EconomyJun 17 2020

Inflation falls to four-year low as Covid-19 bites

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Inflation falls to four-year low as Covid-19 bites
ByAmy Austin

Inflation fell to a four-year low of 0.5 per cent in May, driven by falling fuel costs and cuts to clothing prices as coronavirus and lockdown stalled demand.

According to the Office for National Statistics fuel prices declined by 16.7 per cent during May, dragging the consumer prices index (CPI) to the lowest level since June 2016 and down further from 0.8 per cent in April.

It remains significantly below the Bank of England's 2 per cent target for inflation.

Inflation is one of the main factors that the BoE's Monetary Policy Committee considers when setting the interest rate.

The BoE is unlikely to raise interest rates at times of low inflation as it aims to grow the economy and get consumers to spend more.

Today’s drop in inflation did not come as a surprise however, as demand for services declined due to the majority of the country being in lockdown.

Laura Suter, personal finance analyst at AJ Bell, said: “Consumption practically ground to a halt in May, with large swathes of the country shut down due to the Covid-19 lockdown.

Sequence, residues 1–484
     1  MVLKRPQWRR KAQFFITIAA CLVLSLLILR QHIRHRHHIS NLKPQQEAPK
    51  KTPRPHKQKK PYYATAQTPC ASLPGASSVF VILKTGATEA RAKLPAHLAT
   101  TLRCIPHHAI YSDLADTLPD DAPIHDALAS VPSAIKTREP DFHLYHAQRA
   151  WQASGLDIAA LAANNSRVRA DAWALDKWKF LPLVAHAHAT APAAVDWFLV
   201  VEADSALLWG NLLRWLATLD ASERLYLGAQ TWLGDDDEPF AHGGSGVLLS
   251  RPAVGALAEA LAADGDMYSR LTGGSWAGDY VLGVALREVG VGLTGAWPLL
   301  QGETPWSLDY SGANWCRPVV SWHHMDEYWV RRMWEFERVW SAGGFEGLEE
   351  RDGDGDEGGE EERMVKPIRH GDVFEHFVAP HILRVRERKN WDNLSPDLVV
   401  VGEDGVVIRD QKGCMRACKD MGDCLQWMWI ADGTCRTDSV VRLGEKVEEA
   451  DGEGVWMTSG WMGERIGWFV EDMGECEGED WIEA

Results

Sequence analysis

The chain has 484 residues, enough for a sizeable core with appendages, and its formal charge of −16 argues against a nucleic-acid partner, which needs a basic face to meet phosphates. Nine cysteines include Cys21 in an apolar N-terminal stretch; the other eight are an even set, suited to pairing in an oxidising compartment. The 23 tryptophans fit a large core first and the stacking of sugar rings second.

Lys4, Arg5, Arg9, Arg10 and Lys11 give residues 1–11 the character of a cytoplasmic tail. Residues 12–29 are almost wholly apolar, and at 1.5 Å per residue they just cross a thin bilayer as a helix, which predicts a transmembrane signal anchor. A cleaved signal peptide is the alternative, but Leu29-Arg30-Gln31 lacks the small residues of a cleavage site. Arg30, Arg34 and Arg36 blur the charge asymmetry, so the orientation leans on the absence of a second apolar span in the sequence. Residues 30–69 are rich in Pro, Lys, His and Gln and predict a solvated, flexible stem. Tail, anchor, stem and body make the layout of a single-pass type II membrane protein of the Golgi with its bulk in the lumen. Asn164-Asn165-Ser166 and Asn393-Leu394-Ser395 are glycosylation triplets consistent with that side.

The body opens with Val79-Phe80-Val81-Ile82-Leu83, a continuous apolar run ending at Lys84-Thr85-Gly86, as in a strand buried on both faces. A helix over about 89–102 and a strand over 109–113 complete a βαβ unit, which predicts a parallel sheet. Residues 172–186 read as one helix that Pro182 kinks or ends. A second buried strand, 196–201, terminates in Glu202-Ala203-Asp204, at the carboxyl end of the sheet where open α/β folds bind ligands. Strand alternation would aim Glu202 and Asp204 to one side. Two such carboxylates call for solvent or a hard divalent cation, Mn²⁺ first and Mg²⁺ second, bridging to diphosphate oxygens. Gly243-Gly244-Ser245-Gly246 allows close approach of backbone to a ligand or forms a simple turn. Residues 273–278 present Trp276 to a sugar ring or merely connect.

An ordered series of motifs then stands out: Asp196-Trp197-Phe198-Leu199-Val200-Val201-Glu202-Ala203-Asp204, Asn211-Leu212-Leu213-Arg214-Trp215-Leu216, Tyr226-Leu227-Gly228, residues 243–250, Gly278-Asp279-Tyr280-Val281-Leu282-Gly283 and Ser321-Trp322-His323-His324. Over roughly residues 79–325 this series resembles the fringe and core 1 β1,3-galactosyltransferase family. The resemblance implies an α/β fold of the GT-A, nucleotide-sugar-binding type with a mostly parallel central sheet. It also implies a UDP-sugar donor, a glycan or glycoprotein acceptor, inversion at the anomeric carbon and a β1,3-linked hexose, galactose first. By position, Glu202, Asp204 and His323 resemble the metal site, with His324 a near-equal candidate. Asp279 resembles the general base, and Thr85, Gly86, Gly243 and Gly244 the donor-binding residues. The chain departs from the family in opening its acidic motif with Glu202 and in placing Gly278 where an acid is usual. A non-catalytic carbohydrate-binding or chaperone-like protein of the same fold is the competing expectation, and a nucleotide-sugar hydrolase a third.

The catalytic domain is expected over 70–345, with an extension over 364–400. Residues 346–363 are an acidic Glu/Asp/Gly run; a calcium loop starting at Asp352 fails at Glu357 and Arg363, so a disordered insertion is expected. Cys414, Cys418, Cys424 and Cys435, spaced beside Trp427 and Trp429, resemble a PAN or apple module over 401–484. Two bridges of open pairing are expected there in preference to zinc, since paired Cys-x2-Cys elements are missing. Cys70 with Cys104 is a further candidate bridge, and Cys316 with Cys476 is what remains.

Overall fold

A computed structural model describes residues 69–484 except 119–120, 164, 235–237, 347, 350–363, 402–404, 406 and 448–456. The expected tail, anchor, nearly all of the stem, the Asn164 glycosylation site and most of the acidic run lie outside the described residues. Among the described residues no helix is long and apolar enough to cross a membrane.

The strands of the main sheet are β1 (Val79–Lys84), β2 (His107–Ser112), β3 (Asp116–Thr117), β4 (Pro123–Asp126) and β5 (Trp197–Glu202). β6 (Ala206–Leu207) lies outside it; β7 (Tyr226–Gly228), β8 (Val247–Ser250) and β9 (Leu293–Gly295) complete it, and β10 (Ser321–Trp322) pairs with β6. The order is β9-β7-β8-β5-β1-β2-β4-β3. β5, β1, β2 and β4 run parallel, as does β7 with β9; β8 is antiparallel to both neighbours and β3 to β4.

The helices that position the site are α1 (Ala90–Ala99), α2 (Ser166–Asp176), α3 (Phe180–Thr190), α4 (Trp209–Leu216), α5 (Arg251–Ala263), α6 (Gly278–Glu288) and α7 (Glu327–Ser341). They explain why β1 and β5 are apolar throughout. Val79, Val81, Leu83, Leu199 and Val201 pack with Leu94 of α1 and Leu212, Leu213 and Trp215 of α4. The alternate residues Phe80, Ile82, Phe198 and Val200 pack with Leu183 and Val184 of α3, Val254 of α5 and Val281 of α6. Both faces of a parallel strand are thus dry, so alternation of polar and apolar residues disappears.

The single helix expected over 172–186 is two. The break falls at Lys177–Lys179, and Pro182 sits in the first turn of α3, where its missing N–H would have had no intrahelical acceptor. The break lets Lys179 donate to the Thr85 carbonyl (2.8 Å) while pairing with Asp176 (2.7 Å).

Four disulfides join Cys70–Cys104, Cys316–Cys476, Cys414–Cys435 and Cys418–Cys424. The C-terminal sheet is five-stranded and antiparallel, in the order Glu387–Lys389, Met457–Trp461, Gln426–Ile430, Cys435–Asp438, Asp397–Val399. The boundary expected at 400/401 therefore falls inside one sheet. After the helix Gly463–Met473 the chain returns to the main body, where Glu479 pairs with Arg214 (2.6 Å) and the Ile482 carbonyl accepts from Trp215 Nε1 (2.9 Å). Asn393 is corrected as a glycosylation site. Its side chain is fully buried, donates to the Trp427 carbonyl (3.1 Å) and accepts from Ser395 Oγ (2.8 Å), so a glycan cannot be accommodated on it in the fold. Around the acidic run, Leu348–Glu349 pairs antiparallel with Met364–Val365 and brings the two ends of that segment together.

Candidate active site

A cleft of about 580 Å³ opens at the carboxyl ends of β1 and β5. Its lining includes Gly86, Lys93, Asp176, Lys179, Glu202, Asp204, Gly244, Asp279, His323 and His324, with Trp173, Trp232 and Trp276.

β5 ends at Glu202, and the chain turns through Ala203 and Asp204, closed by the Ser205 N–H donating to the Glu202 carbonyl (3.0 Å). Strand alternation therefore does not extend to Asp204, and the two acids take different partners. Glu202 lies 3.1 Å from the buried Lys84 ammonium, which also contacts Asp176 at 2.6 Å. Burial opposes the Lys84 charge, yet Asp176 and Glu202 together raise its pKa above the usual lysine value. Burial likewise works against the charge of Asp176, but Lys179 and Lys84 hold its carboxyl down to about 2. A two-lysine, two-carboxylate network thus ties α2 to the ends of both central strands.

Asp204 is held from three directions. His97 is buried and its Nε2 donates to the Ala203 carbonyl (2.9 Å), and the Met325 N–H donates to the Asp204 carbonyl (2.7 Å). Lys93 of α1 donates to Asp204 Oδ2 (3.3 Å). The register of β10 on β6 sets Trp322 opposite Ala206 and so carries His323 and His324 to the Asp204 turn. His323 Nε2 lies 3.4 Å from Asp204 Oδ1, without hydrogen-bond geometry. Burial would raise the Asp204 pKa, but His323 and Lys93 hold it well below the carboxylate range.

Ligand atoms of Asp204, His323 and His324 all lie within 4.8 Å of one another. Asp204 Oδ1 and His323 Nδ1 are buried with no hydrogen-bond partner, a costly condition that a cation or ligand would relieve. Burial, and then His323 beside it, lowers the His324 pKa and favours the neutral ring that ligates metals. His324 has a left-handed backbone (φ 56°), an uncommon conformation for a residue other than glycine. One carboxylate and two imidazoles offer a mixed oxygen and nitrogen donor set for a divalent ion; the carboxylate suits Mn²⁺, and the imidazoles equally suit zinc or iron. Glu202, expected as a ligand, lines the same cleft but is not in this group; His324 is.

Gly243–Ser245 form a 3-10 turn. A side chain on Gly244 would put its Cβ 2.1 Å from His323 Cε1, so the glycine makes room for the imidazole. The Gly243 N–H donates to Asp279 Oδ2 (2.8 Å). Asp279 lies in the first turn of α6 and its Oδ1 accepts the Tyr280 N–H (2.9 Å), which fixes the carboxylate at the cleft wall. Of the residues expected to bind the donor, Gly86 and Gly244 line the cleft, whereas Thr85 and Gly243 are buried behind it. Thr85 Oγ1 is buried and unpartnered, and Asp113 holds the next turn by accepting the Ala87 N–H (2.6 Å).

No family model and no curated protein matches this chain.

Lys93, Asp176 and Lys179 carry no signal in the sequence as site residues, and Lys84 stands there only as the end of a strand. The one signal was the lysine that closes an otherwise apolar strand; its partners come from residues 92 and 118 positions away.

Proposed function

“Another drop in inflation was an inevitable consequence and the fall to 0.5 per cent takes CPI inflation to its lowest level for four years and is a stark contrast to the 2 per cent inflation we were seeing this time last year.”

Andrea Olivari, co-founder at digital lender Selina Finance, said: “The figures are unsurprising given the devastating effect the pandemic has had on the economy, but further lockdown relaxations and economic stimulus could start reversing this trend. 

“There is hope that consumer demand could slowly return, especially as a result of this week's reopening of the retail sector; however, the extent of this will likely be undermined by the restrictions still in place, as social distancing makes it very difficult for many businesses to operate effectively.”

Increases in state pension payments are also affected by inflation rates under the government’s triple lock policy, under which the state pension is increased by the highest of earnings growth, price inflation or 2.5 per cent a year.  

The future of this policy is uncertain with reports in the Financial Times today that chancellor Rishi Sunak is preparing to break the Conservative party's manifesto pledge and scrap the triple lock to pay off Covid-19 debts, despite earlier insistence by government ministers that this would not be the case.

The problem is that as inflation is so low the state pension is likely to be increased by a minimum of 2.5 per cent or earnings growth.